In the last few days, both Mercury Research and Jon Peddie Research published their estimated market share numbers for the graphics processing industry. The figures are rather unusual for a Q4 though, and not exactly what some might have been expecting - this warrants a good bit of analysis, so let's jump right in.

First of all, here are the various market share numbers for both AMD and NVIDIA in the different market segments. Please note that multiple numbers are listed when Jon Peddie and Mercury don't agree on the exact figures; also, in some case, only one of the two firms publicly released data for a specific segment.

  • Desktop discrete: NVIDIA went from 56-57% share in Q3 to 52-53.8% in Q4. AMD gained share, on the other hand, and went from 42-43% to 47-46.2%. The shipments dropped by 6-9% compared to Q306, even though Q4 is traditionally a strong quarter.
  • Notebook discrete: NVIDIA gained share, from 52-53% to 58-59.1%. Simultaneously, AMD went from 47% to 40.9-42%, while the market grew by 13.8% according to Jon Peddie.
  • Notebook integrated: AMD's went from 19% to 20%, and NVIDIA from 8% to 12%. Meanwhile, Intel kept 66% of the market, down from 71% in Q3.
  • Desktop integrated: AMD's market share grew from 7% to 10%, while NVIDIA had 20% of the market and Intel 52%.

Desktop Discrete GPUs

So, the first big surprise in these numbers is that discrete GPU shipments for the desktop market are down. And that's in Q4, which is traditionally the strongest quarter of the year. This seems quite strange, and especially so given that the Vista Effect is supposed to be boosting up the GPU industry right now. And yet, the opposite seems to be hapening - so, what's going on there?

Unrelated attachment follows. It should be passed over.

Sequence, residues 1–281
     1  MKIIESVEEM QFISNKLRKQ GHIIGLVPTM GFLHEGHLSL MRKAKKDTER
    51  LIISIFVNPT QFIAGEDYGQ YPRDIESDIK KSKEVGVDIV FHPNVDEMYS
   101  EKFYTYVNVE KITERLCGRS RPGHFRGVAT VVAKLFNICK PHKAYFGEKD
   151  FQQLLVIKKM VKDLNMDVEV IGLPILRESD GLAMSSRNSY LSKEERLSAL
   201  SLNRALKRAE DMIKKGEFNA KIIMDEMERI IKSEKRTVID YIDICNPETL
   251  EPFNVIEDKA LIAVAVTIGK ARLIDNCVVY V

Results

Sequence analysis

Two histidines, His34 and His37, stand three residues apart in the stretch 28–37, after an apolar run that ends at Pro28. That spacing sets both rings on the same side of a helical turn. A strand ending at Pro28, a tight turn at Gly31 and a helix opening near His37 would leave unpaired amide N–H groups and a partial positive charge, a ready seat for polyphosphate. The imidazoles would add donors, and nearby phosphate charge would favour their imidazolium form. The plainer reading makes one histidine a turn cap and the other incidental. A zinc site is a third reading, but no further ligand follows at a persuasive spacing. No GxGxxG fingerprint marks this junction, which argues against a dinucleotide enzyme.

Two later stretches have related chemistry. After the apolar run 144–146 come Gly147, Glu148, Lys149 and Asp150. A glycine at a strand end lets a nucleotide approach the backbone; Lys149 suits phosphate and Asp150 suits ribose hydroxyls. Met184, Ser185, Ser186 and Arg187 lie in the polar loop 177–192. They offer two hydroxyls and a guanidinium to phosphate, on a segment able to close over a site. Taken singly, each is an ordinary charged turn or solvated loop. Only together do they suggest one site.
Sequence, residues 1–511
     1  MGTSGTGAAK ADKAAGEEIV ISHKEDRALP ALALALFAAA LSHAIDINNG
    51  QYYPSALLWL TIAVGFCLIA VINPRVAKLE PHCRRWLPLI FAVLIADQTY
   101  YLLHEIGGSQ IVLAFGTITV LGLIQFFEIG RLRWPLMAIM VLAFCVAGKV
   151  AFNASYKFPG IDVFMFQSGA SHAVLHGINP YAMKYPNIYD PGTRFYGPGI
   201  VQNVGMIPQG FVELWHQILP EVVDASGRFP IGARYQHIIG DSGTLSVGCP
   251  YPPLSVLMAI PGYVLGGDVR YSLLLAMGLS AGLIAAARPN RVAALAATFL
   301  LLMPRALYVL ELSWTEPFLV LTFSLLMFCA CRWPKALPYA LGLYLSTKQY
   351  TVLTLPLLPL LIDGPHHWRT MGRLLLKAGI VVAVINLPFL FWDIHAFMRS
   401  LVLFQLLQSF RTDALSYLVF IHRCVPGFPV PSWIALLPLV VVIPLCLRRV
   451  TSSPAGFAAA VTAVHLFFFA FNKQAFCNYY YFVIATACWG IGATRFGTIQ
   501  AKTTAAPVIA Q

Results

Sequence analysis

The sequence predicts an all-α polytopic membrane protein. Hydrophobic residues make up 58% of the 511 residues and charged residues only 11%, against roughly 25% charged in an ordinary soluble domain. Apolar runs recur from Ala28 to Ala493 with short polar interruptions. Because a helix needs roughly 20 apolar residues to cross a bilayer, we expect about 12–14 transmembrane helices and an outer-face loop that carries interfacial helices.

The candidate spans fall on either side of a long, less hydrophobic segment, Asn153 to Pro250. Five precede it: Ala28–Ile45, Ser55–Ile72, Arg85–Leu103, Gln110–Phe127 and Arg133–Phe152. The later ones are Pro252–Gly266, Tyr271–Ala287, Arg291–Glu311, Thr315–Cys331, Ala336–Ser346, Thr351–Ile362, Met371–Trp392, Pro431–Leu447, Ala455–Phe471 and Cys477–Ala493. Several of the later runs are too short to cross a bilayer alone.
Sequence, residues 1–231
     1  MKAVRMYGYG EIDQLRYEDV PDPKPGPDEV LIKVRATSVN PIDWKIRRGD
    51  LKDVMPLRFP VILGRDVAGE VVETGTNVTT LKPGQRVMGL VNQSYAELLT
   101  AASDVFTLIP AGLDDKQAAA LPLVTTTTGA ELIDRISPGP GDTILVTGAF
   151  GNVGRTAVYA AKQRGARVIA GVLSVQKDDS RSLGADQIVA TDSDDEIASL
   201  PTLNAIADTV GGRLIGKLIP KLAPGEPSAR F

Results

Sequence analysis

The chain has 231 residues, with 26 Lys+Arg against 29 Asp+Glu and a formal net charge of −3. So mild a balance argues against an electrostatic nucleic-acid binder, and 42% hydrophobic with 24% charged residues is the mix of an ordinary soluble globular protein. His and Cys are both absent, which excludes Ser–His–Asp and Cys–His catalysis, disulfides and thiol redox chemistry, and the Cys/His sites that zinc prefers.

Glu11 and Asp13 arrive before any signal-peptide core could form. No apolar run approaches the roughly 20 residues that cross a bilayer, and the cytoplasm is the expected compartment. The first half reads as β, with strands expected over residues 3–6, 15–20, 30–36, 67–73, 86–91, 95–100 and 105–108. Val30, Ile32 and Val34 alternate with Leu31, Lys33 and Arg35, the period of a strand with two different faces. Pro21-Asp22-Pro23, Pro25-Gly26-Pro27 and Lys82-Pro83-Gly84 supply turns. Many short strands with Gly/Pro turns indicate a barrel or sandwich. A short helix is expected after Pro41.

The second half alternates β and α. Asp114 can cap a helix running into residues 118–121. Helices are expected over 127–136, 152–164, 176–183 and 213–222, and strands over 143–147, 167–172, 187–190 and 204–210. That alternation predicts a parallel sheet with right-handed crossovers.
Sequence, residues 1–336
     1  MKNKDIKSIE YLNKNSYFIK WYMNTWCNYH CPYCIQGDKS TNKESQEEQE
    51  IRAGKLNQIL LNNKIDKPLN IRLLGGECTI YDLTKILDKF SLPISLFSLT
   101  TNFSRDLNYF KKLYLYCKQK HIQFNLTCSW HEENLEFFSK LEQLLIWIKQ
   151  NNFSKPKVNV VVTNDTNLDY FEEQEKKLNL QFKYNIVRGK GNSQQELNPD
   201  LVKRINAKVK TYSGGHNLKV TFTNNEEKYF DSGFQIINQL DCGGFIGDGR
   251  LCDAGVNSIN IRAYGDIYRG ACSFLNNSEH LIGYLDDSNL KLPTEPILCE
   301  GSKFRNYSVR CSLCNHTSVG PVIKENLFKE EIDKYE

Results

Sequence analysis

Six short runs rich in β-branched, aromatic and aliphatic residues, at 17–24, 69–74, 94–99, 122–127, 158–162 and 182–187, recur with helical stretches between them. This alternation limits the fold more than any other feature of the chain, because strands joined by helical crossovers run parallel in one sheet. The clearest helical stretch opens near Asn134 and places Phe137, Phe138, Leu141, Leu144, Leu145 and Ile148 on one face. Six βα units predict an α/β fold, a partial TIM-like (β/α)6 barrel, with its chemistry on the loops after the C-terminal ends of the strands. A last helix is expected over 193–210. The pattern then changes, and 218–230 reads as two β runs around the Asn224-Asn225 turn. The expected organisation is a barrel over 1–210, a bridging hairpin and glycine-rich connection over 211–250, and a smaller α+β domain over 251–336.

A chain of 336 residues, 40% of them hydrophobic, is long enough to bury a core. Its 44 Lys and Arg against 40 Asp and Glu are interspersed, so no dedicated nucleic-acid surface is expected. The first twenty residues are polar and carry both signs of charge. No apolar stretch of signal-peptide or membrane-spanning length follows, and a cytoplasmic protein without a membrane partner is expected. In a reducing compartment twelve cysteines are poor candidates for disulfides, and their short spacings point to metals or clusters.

We believe the proper explanation to this phenomenom is that Vista has been negatively affecting the PC industry's sales in general throughout the holiday season, as consumers have been delaying their purchase intentions to match Vista's release schedule. This makes particuliar sense in the performance-sensitive part of the market which would be buying discrete graphics cards in the first place, because they want to make sure any new PC or graphics card they buy is up to the job.

At the same time, AMD's graphics division is gaining share in the desktop discrete GPU segment. This is possibly because of their key strategic advantage with OEMs there, which is that they can bundle the GPU and the CPU together. Given that other analysts have been reporting that AMD is growing in the desktop x86 market, it would make sense that their GPU business is also benefiting from this. Furthermore, AMD's new 80nm GPU offerings might be gaining some momentum in the market, especially so with AIBs.

It will be interesting to see if NVIDIA has any comment during their Q406 financial conference call on which parts of the market they believe they have lost share in. Presumably, AMD's share gains should have been roughly uniform, but it is not impossible that they would have benefited more in either the low-end or the mid-range segments. They have been quite aggressive in the mid-range with RV560 and RV570, while it might also be assumed that CPU-GPU bundling is even more attractive in the lower-end parts of the market.